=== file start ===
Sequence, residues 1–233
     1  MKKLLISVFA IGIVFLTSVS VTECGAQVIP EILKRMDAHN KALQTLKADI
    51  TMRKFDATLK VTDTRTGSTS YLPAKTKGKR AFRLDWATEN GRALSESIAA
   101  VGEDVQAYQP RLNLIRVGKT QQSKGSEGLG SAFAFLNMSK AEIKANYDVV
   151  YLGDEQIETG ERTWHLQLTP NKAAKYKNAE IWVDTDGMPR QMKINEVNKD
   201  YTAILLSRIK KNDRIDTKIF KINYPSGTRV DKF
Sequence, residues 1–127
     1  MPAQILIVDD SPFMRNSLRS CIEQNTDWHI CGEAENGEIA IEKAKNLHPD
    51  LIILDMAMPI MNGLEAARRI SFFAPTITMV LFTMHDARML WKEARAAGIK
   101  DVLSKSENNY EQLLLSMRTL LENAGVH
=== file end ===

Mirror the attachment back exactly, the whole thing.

Sequence, residues 1–233
     1  MKKLLISVFA IGIVFLTSVS VTECGAQVIP EILKRMDAHN KALQTLKADI
    51  TMRKFDATLK VTDTRTGSTS YLPAKTKGKR AFRLDWATEN GRALSESIAA
   101  VGEDVQAYQP RLNLIRVGKT QQSKGSEGLG SAFAFLNMSK AEIKANYDVV
   151  YLGDEQIETG ERTWHLQLTP NKAAKYKNAE IWVDTDGMPR QMKINEVNKD
   201  YTAILLSRIK KNDRIDTKIF KINYPSGTRV DKF
Sequence, residues 1–127
     1  MPAQILIVDD SPFMRNSLRS CIEQNTDWHI CGEAENGEIA IEKAKNLHPD
    51  LIILDMAMPI MNGLEAARRI SFFAPTITMV LFTMHDARML WKEARAAGIK
   101  DVLSKSENNY EQLLLSMRTL LENAGVH